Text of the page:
Twist WES enrichment demonstrated effective creation of pooled libraries. Two pools were created, both with an average insert size of ~250-300 bp (~430-450 bp including adapters), as seen by the Tapestation analysis (Figure 4). Enrichments yielded similar fragment size from the library preparation indicating little if any skewing or sample loss during the enrichment process. In addition, the enrichment yielded significantly greater product than required for a single sequencing run. This allowed for library preservation and pool storage for follow up analysis.
After 8-plex whole exome capturing, the captured libraries were sequenced on a NovaSeq for ~40 million PE 150bp reads. We first determined if the coverage variation was a function of the base content using the GC content to determine allelic dropout (Figure 5). The average GC_DROPOUT and AT_DROPOUT in single cells were comparable, 4.5% vs 4.7%, respectively, suggesting a both GC rich and AT rich region are uniformly enriched with minimal
GC bias. The average Fold 80 Base Penalty of the 12 single cells is 2.39, with a tight range between 2.29 and 2.76. Notably, scPTAWES using Twist Human Core Exome panel achieved an average of 98% of the bases covered at 1x and 92% of the bases covered at 10x or higher (Figure 6B).
The robust sequencing metrics and genomic coverage uniformity obtained from coupling PTA single cell genome amplification with Illumina DNA Prep provided confidence in copy number and single nucleotide variation. We employed Ginkgo and DRAGEN algorithms to call CNV and SNV, respectively. Even among a sample set of 31 individual cells, we saw remarkable intratumoral CNV diversity (Figure 8). Regional chromosome loss coincided with tumor suppressor genes known to be influential in DCIS (3), including retinoblastoma 1 (Rb1) and p53.
In addition, loss of the chromosomal region encompassing BRCA2 was observed (13q12.3), suggesting a contribution of DNA repair defects contributing to neoplasia. In addition to these prototypical DCIS chromosomal alterations (3), we importantly identified a cell harboring multiple large copy number losses (Chr. 2, 6, 8, 9, 12, 13, 16, 17) exemplifying the marked clonal heterogeneity observed within this patient tumor sample, but of which the consequences on tumor suppressor loss-of-function remain to be determined.
A fundamental power of single cell analysis is the ability to delineate cell lineage. In this specific patient tumor, the majority of single cells did not have any apparent gross CNV (Figure 8B).
A second class of single cells contained both Chr. 13 and Chr. 16/17 loss--representing ~20% of the cells (Figure 8C).
A third cohort of cells (~25%) contained these same two CNV alterations plus loss of 11q, another frequently lost region in DCIS (3). These data suggest different clonal populations, defined by CNV, within the tumor milieu (Figure 9) that would not be discernable by bulk sequencing.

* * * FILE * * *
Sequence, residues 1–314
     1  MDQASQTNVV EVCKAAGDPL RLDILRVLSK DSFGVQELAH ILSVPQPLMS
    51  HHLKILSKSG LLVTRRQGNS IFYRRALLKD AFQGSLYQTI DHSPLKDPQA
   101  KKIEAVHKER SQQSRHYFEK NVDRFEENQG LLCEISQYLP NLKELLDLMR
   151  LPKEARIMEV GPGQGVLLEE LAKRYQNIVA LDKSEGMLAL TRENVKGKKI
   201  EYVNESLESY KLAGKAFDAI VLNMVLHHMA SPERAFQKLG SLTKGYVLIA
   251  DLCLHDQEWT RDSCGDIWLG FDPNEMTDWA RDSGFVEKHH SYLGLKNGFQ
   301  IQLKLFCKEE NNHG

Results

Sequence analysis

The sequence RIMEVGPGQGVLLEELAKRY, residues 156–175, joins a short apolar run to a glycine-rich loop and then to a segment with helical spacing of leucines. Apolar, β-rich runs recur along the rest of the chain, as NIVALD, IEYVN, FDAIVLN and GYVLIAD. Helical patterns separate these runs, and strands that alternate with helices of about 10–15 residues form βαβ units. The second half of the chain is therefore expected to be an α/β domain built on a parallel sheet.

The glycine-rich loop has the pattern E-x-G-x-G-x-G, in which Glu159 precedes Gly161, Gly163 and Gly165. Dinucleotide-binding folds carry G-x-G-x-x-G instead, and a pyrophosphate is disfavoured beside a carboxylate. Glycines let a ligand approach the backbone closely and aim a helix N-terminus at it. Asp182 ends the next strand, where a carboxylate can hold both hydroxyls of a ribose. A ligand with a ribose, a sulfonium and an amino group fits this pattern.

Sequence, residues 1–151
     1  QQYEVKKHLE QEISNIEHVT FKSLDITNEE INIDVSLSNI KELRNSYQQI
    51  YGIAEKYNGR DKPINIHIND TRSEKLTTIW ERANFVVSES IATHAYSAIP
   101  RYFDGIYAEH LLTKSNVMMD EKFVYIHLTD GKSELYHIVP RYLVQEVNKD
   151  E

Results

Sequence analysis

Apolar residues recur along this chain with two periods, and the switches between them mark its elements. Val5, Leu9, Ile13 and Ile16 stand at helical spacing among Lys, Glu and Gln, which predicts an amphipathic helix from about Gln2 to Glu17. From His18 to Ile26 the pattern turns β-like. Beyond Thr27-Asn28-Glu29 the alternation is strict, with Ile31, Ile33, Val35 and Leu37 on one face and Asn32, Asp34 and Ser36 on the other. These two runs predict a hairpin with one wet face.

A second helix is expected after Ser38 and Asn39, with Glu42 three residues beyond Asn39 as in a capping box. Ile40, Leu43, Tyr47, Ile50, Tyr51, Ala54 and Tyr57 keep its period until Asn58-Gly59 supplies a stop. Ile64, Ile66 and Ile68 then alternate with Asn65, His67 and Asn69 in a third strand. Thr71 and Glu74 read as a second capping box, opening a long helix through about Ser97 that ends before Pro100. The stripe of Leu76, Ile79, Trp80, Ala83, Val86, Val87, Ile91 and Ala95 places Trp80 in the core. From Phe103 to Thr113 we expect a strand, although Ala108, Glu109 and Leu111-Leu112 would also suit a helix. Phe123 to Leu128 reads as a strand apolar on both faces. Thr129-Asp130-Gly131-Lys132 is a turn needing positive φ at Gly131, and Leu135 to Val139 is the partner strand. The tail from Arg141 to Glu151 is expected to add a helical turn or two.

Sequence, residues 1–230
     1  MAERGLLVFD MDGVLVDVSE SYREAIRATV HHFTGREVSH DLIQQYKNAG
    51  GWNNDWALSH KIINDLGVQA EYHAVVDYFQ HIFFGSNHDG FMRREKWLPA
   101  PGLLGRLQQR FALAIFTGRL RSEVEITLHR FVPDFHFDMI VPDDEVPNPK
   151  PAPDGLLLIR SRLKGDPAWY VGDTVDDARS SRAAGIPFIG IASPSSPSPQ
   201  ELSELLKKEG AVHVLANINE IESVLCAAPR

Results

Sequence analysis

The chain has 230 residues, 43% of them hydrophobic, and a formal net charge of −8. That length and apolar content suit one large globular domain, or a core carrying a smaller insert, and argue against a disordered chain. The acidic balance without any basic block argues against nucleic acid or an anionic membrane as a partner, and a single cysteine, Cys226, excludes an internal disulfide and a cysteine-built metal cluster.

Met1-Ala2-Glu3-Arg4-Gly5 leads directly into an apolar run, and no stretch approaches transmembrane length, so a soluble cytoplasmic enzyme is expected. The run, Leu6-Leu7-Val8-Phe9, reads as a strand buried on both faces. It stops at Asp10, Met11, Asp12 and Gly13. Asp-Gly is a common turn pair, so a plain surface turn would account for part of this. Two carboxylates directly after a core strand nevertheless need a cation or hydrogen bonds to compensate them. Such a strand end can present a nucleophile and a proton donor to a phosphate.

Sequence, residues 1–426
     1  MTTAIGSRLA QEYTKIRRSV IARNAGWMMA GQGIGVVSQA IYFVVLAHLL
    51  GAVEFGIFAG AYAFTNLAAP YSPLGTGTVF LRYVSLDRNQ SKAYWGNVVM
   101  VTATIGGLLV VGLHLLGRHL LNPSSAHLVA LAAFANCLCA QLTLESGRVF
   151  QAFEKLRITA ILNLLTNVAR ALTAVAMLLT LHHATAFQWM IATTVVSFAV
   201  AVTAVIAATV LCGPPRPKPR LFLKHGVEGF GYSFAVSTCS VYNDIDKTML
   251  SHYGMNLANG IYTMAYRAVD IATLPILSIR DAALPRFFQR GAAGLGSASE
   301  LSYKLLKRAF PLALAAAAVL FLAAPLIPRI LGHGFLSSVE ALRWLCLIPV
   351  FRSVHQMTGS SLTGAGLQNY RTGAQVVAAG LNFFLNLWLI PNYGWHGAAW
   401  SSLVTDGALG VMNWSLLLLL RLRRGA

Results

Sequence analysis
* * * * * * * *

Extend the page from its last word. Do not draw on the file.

Concurrently with CNV analysis, we performed a candidate gene screen for SNVs in genes known to be influential in DCIS (and in breast cancer in general). From this initial screen we identified a H1047R missense mutation in the kinase domain of the lipid kinase PIK3CA; a known activating mutation as well as a known hotspot mutation based on The Cancer Genome Atlas data (5). This change was identified in 4 single cells, 3 from the DCIS/IDC singulated tumor sample and in 1 cell derived from the ipsilateral normal breast control.
Intriguingly, we did not detect PIK3CA H1047R in the single cells with pronounced copy number. This suggests distinct mechanisms of oncogenesis. Some cells within the tumor proliferate uncontrollably due to loss of key tumor suppressor regulation, while in other single cells a missense mutation in a key signal transduction node affecting downstream MAPKmediated cell proliferation and AKT-mediated survival signaling is sufficient to drive unchecked growth.
The presence of the PIK3CA H1047R mutation in one cell derived from the ipsilateral normal breast control surgical resection raises the possibility that the tumor/normal boundary may have been breached during specimen collection. Alternatively, we may have identified a rare pre-malignant cell present in normal tissue. The results, taken together lead us to the belief that WGS with PTA will ultimately become diagnostic to determine the clonal architecture that will provide actionable data to clinicians.
Another parameter indicating high quality data is the percent of bases that have greater than 30X coverage. In this experiment, in the majority of the single cells, typically 85% of bases had >30x coverage, exceeding most known published results using other WGA and whole exome capture methods.
To investigate whether scPTA-WES maintained the high single nucleotide variants (SNVs) calling sensitivity and specificity, scPTA-WES data were analyzed using BaseJumper SNV calling software. scPTA-WES achieved SNV calling sensitivity above 90% and specificity above 90%.
- Typical zero target coverage of < 2%
- Higher than 85% of bases with 30x coverage
- High single cell exome coverage uniformity demonstrated by Fold 80 base penalty and GC/AT dropout rate
- Exceptional single cell SNV calling sensitivity and specificity
- Gonzalez-Pena, V., et al., Accurate genomic variant detection in single cells with primary template-directed amplification. Proc Natl Acad Sci U S A, 2021. 118(24).
- BioSkryb Genomics, i., ResolveDNA™ Whole Genome Amplification Kit For high-quality single-cell and low-input DNA amplification, in www.bioskryb.com, B. Genomics, Editor. 2021, BioSkryb Genomics: Durham, NC. USA.